The barrage of fake perfection on social media these days can easily toss a big old regret salad and serve it up. The rabbit hole of “friends,” spotless kitchens, fancy sounding job titles and instagram-able artisanal birthday parties for toddlers is bottomless. I think everyone wonders, from time to time, how their life would have turned out if they had taken a different fork in the road. Would that job, relationship, or overseas trip fundamentally change everything?
Nora Sneed is done with living. Thinking, at best, that she doesn’t have anything to offer with her life or, at worst, that her existence actively messes up other people’s lives, she decides to die. What she doesn’t know, is that somewhere between life and death is a library full of books containing all of the possible lives she has lived in parallel universes. There is also a single hefty volume containing all of her regrets and a guide in the form of Nora’s grade school librarian, Mrs. Elm.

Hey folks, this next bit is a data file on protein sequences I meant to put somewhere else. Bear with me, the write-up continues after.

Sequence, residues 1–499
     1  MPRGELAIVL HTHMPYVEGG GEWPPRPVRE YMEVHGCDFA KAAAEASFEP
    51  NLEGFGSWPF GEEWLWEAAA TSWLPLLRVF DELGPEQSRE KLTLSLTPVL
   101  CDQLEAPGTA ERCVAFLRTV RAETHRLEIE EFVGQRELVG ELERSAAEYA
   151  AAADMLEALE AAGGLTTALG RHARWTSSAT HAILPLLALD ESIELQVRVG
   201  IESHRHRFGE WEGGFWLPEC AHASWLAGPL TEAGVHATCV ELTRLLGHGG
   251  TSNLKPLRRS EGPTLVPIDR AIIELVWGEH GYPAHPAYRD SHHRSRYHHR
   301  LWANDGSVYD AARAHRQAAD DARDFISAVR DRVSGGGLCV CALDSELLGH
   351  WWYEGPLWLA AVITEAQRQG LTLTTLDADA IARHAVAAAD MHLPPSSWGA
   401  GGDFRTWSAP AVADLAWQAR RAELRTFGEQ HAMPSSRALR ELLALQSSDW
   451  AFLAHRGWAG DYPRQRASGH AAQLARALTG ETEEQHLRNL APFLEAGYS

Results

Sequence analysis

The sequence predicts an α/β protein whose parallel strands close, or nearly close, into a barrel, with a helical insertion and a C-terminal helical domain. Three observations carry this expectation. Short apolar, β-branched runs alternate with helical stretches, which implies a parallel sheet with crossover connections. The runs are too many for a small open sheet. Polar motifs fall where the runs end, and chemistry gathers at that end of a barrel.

Time stands still in the Midnight Library as long as Nora remains alive in her “root” life. She is free to try on her other lives for size until she finds the “perfect” one to live. However, if she dies before she can find it, the clock will tick past midnight and her chance to live a better life will be gone.
Haig has written a really lovely and surprisingly optimistic book about depression, expectations and regret. The choices we make and the regrets we carry, not only for ourselves but for our family, friends and significant others, change us in innumerable ways. It’s a modern and more complex spin on “It’s a Wonderful Life,” if George Bailey had found a librarian instead of an angel and a library instead of an icy river.